The Good, the Bad and the Confused: Learn What the World Thinks About Science
Mar 20, 2019

The bad news: Skepticism about science is growing. The good news: 3M is taking big steps to reverse the trend, with the help of journalist Katie Couric, actor Alan Alda and others.

Increasing skepticism about science is one of the key findings in the State of Science Index (SOSI), this year’s just-released global science study sponsored by 3M.

The 2019 SOSI project surveyed more than 14,000 respondents in 14 developed and emerging countries to gauge​ shifting global attitudes toward science.

Plenty of positive findings emerged, including:

  • 88 percent of the world believes that it is important to have a basic knowledge of science regardless of their profession.
  • 58 percent say that if they could go back, they would pursue a career in STEM.
  • 87 percent believe we need science to solve the world’s problems.

“The vast majority of people see the same opportunity with science that we see every day at 3M,” said 3M CEO Mike Roman. “The world needs science more than ever to help solve the toughest challenges facing the planet.”

And yet, despite the encouraging stats, the survey also found that:

  • 88 percent feel science is too complicated and 58 percent believe that scientists are elitists.
  • 45 percent ONLY believe in science that aligns with their personal beliefs.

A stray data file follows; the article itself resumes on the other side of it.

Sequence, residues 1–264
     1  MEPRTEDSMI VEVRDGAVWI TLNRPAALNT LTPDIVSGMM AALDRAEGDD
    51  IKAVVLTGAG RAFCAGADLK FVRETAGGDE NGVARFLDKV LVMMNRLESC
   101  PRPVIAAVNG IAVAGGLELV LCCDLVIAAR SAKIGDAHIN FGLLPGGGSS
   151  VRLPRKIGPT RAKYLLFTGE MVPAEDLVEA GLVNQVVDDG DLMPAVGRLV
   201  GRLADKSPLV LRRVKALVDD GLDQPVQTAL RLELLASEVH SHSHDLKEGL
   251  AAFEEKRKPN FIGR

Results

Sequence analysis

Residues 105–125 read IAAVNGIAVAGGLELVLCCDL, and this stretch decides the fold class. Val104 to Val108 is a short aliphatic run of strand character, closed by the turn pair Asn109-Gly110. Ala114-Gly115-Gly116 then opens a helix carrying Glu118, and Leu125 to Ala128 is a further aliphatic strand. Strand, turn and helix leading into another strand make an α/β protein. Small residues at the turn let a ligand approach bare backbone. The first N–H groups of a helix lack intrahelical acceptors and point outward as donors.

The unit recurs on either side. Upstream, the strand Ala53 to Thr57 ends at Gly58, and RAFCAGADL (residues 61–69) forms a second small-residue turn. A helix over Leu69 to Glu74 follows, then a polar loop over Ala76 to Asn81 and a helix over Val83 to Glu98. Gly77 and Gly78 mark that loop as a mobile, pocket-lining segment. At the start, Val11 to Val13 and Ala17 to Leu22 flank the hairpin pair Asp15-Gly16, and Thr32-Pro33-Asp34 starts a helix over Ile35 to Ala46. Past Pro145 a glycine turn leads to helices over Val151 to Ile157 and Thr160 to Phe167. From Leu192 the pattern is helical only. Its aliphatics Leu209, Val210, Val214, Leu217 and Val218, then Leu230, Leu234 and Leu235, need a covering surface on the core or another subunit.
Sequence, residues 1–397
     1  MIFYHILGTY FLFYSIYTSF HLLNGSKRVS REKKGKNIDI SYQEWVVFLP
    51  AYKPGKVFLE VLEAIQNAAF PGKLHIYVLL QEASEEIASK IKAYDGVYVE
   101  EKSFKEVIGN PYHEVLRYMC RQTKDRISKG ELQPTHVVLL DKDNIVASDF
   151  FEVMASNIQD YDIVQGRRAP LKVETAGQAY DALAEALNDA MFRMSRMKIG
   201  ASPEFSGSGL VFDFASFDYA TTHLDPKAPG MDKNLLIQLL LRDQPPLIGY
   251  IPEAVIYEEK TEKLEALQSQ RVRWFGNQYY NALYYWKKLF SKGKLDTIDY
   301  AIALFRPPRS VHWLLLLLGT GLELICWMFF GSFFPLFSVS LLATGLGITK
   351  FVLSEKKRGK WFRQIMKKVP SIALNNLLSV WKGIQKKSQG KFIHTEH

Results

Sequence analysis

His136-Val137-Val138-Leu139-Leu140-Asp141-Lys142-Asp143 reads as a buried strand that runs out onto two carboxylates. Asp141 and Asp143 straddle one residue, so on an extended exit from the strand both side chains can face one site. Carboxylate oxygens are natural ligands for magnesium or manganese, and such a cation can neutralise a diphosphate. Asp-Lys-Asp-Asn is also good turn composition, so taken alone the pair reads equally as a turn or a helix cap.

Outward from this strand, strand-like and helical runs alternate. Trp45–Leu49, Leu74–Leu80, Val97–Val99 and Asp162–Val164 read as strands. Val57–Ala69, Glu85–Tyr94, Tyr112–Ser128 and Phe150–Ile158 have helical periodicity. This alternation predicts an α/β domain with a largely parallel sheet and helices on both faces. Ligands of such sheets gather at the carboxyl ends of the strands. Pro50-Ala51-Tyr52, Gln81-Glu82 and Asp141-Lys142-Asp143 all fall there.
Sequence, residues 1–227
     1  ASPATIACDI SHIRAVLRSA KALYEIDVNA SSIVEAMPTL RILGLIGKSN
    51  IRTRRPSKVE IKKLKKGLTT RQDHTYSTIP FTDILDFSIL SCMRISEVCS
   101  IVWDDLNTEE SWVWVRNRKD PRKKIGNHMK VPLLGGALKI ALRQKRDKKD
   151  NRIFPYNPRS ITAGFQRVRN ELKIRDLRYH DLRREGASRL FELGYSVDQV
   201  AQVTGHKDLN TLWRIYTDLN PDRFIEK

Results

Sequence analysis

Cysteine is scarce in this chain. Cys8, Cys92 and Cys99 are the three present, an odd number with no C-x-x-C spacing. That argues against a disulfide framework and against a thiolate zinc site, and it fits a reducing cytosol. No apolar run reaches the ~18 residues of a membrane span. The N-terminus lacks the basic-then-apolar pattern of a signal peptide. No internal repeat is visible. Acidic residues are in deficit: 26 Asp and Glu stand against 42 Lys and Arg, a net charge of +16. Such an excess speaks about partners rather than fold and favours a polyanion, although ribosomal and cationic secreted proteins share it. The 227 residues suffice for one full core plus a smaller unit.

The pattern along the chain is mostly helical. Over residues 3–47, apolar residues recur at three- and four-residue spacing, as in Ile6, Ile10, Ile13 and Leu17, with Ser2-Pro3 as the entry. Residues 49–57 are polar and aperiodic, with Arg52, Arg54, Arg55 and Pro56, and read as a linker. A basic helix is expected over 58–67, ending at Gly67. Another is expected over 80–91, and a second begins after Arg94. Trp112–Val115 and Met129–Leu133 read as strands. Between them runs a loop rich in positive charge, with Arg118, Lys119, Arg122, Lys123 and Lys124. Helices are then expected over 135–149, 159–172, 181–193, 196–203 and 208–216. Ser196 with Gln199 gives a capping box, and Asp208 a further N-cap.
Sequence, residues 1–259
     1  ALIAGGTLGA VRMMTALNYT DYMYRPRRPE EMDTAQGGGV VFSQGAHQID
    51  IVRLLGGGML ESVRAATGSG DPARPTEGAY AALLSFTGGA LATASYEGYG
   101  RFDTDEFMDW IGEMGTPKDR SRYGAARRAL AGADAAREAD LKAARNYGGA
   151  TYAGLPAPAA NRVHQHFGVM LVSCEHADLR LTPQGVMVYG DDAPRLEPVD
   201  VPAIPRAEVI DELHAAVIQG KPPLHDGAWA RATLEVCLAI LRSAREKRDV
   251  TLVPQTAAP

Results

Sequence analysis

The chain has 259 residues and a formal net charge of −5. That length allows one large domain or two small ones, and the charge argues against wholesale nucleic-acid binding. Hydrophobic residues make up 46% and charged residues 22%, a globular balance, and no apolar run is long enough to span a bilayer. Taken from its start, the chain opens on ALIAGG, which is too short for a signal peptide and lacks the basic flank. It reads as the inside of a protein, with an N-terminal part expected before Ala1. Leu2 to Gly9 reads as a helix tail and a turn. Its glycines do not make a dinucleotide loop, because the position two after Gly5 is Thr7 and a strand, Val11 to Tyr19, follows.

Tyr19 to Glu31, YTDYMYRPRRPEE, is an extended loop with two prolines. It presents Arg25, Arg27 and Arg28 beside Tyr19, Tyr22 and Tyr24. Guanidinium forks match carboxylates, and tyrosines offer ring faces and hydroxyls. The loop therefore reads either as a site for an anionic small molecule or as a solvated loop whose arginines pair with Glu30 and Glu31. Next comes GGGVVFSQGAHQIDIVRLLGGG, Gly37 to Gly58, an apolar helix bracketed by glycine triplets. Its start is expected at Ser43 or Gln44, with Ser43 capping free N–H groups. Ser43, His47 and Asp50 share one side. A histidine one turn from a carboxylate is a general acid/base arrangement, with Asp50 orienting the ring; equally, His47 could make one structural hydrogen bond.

• 37 percent of the world thinks you need to be a genius to have a career in science.

An opportunity to humanize science

The survey found that the best way to boost interest in science is to make it relatable.

“We all benefit from science, but it takes effective communication to make science more relatable,” said Jayshree Seth, 3M corporate scientist and chief science advocate. “We know the science community does a great job at communicating with each other, but the world needs scientists to talk about their important work in ways that highlight the benefits to society. By making science more relatable, we can reduce skepticism and fear and also help foster a new generation of scientists and science advocates,” she added.

SOSI’s findings around the need for effective, uncomplicated science communication have inspired us at 3M to take action to help break down the barriers to science. Here’s what we are doing:

  • Scientists as Storytellers guide: We want to inspire and equip scientists to talk about science in a way that is compelling, relatable and relevant, so 3M has created a guide for scientists and science fans everywhere to better communicate science through the art of great storytelling. The guide has practical advice from top communicators like journalist Katie Couric and actor Alan Alda as well as from scientists around the globe. The free download is available here
  • Beyond the Beaker film series: To foster a stronger connection between scientists and the general public, 3M has created a film series that steps outside of the lab and into the everyday lives of 3M scientists. The scientists tell their own stories, and the short films capture them outside of work, revealing the people behind the science by showcasing their diverse backgrounds, hobbies and home lives. View the stories here.
  • Advancing STEM equity: Science enthusiasts can help champion science and the positive impact it has on society by showing their support for STEM education. Through a partnership with the nonprofit organization, 3M will match more than $50,000 in online donations to STEM education initiatives. Once the matching funds have been met, site visitors can still donate via View the STEM projects and donate here.

Interested in learning more? 3M released the full results of the study, including individual country breakdowns across 14 countries, on the SOSI website.

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